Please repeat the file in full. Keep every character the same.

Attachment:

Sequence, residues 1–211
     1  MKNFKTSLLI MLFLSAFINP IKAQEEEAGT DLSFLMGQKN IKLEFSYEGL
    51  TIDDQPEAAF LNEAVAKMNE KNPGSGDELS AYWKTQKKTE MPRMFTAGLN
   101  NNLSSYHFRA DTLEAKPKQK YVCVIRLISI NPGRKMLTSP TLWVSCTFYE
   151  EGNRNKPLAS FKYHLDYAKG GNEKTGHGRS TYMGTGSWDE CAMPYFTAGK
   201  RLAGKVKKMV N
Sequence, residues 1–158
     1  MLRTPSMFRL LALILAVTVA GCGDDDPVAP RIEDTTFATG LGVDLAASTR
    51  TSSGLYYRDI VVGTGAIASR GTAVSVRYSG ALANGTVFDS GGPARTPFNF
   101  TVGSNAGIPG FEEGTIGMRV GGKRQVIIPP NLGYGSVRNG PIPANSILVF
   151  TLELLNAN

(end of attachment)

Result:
Sequence, residues 1–211
     1  MKNFKTSLLI MLFLSAFINP IKAQEEEAGT DLSFLMGQKN IKLEFSYEGL
    51  TIDDQPEAAF LNEAVAKMNE KNPGSGDELS AYWKTQKKTE MPRMFTAGLN
   101  NNLSSYHFRA DTLEAKPKQK YVCVIRLISI NPGRKMLTSP TLWVSCTFYE
   151  EGNRNKPLAS FKYHLDYAKG GNEKTGHGRS TYMGTGSWDE CAMPYFTAGK
   201  RLAGKVKKMV N
Sequence, residues 1–158
     1  MLRTPSMFRL LALILAVTVA GCGDDDPVAP RIEDTTFATG LGVDLAASTR
    51  TSSGLYYRDI VVGTGAIASR GTAVSVRYSG ALANGTVFDS GGPARTPFNF
   101  TVGSNAGIPG FEEGTIGMRV GGKRQVIIPP NLGYGSVRNG PIPANSILVF
   151  TLELLNAN